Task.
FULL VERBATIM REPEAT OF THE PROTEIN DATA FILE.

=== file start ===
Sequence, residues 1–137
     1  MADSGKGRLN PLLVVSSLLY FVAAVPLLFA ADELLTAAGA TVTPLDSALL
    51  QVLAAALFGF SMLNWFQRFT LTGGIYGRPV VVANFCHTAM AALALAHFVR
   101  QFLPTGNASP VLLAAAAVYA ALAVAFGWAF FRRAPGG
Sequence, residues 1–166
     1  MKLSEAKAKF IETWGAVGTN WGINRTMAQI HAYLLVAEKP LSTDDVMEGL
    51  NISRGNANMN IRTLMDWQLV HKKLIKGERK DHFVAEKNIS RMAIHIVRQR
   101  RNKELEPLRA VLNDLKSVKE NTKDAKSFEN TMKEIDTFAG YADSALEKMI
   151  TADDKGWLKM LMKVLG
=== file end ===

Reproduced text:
Sequence, residues 1–137
     1  MADSGKGRLN PLLVVSSLLY FVAAVPLLFA ADELLTAAGA TVTPLDSALL
    51  QVLAAALFGF SMLNWFQRFT LTGGIYGRPV VVANFCHTAM AALALAHFVR
   101  QFLPTGNASP VLLAAAAVYA ALAVAFGWAF FRRAPGG
Sequence, residues 1–166
     1  MKLSEAKAKF IETWGAVGTN WGINRTMAQI HAYLLVAEKP LSTDDVMEGL
    51  NISRGNANMN IRTLMDWQLV HKKLIKGERK DHFVAEKNIS RMAIHIVRQR
   101  RNKELEPLRA VLNDLKSVKE NTKDAKSFEN TMKEIDTFAG YADSALEKMI
   151  TADDKGWLKM LMKVLG